5 Myths about Financial Advisors: Debunked header image

5 Myths about Financial Advisors: Debunked

“Only millionaires need a financial advisor.”

“I’m not old enough to talk to someone about managing my money.”

“Wealth management is for people who have yachts, not minivans.”

If you’ve ever thought any of these things, you’ve probably bought into the myths regarding financial advisors and planning. It’s never too late—or too early—to start thinking about your future. And today, is when your future starts.

Maybe you have reservations about consulting a financial advisor because you're uncertain about what to expect. Here are some common misconceptions about financial advisors, and the truth behind them:

Myth #1: Most people don't need financial advisors

Truth: While it's true that you may have the knowledge and ability to manage your own finances, the financial world grows more intricate every day. A qualified financial advisor has the knowledge to help you navigate a steady path towards your financial goals.

Myth #2: All financial advisors are the same

Truth: Financial advisors are not covered by uniform state or federal regulations, so there can be a considerable disparity in their qualifications and business practices. Some may focus in one area such as investment planning, while others may sell a specific range of products, such as insurance. A qualified financial advisor generally looks at your finances as an interrelated whole, and can help you with many of your financial needs.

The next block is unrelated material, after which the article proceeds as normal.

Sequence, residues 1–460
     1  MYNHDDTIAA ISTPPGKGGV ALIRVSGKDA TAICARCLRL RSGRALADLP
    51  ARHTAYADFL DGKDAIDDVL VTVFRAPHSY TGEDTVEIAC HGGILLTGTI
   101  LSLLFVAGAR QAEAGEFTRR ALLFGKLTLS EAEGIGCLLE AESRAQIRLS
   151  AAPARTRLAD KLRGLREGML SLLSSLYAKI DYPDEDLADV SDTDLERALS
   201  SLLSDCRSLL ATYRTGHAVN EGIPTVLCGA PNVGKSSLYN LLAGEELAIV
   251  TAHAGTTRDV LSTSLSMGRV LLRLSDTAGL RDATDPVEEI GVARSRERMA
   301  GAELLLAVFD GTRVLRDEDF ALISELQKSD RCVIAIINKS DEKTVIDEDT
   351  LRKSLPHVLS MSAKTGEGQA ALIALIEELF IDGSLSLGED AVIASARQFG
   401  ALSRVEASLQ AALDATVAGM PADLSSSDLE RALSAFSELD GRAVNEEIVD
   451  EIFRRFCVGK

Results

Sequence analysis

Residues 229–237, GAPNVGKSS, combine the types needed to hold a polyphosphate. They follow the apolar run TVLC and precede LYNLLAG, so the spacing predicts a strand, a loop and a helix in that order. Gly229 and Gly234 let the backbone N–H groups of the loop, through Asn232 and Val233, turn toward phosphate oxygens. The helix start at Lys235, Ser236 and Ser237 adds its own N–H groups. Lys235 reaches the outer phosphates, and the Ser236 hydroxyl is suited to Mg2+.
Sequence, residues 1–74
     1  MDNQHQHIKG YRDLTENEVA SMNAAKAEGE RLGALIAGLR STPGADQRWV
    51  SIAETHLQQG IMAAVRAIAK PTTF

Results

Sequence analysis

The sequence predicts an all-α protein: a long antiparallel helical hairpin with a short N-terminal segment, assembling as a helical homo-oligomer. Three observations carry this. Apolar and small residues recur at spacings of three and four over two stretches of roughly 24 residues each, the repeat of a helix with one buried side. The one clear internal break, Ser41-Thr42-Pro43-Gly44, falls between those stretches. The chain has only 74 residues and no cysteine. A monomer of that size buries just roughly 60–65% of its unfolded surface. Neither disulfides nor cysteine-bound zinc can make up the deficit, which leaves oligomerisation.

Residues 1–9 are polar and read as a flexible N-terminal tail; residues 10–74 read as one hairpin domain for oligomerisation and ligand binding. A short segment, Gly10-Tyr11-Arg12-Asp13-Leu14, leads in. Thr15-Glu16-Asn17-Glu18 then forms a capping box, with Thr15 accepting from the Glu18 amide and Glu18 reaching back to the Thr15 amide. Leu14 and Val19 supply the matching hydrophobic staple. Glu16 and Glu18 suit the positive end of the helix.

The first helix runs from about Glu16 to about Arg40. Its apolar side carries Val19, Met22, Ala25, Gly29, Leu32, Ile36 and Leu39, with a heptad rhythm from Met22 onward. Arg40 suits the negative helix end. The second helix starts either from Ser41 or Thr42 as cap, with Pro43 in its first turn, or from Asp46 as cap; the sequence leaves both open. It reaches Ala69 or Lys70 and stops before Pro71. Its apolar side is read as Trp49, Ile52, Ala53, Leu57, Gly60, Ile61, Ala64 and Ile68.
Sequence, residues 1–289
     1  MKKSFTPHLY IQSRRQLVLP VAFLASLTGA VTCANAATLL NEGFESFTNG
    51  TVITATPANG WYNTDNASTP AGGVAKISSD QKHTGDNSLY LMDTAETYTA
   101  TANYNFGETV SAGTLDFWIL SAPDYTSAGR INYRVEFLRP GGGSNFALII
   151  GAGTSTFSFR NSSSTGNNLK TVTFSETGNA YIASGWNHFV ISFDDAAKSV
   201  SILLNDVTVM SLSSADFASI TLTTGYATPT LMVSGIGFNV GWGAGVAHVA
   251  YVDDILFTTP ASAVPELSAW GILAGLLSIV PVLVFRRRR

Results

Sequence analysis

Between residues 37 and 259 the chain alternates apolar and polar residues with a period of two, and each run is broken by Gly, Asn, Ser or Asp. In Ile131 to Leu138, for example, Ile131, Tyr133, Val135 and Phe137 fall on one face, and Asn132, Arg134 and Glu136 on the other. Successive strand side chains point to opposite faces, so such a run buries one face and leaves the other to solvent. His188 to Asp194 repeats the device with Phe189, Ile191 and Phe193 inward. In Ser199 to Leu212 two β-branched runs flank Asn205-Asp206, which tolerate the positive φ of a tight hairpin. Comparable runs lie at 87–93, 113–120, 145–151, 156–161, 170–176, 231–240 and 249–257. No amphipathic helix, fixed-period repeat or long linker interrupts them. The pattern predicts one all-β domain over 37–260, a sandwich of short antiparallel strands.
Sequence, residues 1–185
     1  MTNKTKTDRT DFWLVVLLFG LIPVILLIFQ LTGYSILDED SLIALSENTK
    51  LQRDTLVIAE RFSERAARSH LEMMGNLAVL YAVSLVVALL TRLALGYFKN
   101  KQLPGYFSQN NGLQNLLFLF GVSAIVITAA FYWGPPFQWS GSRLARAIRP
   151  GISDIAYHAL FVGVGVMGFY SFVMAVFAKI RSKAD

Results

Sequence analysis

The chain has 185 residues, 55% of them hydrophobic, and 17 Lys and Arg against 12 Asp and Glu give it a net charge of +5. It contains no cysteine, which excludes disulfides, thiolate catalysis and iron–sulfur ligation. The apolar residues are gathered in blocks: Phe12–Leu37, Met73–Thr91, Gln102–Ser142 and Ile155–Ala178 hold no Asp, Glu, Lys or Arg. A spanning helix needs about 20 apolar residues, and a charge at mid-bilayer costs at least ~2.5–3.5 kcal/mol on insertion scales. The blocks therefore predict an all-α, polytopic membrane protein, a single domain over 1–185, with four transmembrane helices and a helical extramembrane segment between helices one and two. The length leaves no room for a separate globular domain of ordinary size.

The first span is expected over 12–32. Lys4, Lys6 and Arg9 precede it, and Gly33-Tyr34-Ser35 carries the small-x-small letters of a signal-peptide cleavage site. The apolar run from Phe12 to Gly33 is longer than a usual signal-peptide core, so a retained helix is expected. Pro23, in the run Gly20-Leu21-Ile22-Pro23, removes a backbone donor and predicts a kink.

Myth #3: Financial advisors serve only the wealthy

Truth: Some advisors do only take on clients with a minimum amount of assets to invest. Many, however, only require that their clients have at least some discretionary income. They work with people in all stages of life, helping them set up plans for college, retirement, estates, business succession, and more.

Myth #4: Financial advisors are only interested in comprehensive plans

Truth: Financial advisors generally prefer to offer advice within the context of a client's current situation and overall financial goals. But financial advisors frequently help clients with specific matters such as rolling over a retirement account or developing a realistic budget.

Myth #5: Financial planners aren't worth the expense

Truth: Like other professionals, financial advisors receive compensation for their services, and it's important for you to understand how they're paid. But a good financial advisor may help you save and earn more than you'll pay in fees.

You don’t need to be a millionaire, be a certain age, or own an extravagant boat to talk with a financial advisory. A Farm Bureau financial advisor can help you develop an overall strategy for approaching your financial goals that not only anticipates what you'll need to do to reach them, but also remains flexible enough to accommodate your evolving financial needs. Find a Farm Bureau advisor and start the conversation today.

Advisory services offered through FBL Wealth Management, LLC.

 

Neither the Company nor its agents give tax, accounting or legal advice. Consult your professional adviser in these areas.

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